WET is one of the many games that were left in tango after the Vivendi-Activision merger. It was cut by Activision, but eventually picked up by Bethesda Softworks, a publisher not known to put out games like WET. Bethesda allowed Artificial Mind and Movement additional time, and delayed the game from its original December 2008 release, to its September 2009 release. And while I'm sure there were numerous advancements and fixes made to the game due to the delay, WET is still missing a plethora of a necessities that really drag down, what could've been, a fairly solid action game with a nice little theme to it. On a rather solid track record, WET is the public urination incident Bethesda will try to forget about and move on.
Now, for starters, creating a female character as a lead in the videogame industry is always either hit or miss. There doesn't seem to be much of an in between. You either become Lara Croft, Nariko (Heavenly Sword), Samus (Metroid), Jill Valentine (Resident Evil), or you miss and become Rayne (BloodRayne) and Vanessa (P.N. 03). You may remember the uninspired vamp-fest that was BloodRayne. But if you're wondering what P.N. 03 was…well, there's a reason why you've never heard of Vanessa ever again – hint: t'was a mediocre GameCube game from Capcom.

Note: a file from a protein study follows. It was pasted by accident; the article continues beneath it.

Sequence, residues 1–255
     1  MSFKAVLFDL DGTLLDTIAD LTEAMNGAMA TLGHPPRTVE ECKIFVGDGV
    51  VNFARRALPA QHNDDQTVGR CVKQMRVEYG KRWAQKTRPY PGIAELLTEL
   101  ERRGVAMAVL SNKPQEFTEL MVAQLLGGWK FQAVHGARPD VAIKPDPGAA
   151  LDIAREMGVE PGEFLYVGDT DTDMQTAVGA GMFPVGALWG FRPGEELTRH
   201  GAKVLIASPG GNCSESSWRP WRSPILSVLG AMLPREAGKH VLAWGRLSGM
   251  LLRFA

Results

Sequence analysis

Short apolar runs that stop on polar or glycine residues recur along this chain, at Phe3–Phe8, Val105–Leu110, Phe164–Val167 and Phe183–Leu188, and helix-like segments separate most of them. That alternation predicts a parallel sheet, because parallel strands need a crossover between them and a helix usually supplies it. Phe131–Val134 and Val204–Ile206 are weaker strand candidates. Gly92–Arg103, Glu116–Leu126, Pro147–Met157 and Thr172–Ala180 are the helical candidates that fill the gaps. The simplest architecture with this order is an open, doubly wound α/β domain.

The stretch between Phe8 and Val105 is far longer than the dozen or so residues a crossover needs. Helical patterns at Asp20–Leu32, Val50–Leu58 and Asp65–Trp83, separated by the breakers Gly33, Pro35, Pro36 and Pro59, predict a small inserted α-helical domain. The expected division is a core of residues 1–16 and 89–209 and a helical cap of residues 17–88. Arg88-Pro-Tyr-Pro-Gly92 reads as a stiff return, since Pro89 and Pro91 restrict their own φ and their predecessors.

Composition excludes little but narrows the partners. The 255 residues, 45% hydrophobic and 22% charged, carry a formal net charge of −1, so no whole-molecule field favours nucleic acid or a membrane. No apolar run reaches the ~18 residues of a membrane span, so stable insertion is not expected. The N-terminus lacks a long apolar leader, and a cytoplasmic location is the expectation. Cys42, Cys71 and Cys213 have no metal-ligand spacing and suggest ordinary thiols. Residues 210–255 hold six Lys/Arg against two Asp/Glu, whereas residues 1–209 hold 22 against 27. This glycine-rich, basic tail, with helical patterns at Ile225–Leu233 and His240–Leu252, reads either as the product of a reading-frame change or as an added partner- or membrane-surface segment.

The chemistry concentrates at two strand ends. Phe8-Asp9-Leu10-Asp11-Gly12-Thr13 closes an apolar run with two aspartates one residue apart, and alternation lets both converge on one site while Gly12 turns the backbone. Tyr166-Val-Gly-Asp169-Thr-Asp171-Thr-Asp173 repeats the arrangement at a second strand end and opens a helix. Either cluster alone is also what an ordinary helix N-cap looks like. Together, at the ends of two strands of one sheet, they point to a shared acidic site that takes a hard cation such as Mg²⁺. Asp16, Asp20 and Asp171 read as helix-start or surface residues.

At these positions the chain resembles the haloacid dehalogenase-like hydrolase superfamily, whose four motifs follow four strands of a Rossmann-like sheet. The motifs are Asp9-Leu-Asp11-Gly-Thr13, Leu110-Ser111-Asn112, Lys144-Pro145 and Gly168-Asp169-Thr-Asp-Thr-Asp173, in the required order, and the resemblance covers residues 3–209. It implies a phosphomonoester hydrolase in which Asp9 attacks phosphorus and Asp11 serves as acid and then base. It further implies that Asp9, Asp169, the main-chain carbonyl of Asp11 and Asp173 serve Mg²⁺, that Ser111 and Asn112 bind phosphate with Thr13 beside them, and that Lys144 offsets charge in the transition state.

The heroine here is Rubi, and the game is called WET. Since day one I've hated the name…nothing says action game like A) being drenched in water, or B) a sexual innuendo. Sure, the game does attempt to explain that "wet" implies blood on your hands, but I'm not quite sure I buy that. Perhaps WET would've been a better suited name for a jet ski game? In any case, to put my digression aside, if you look back at my first preview of the game, I had chimed that the game looked promising. Unfortunately, and we all know how the adage goes, looks can be deceiving.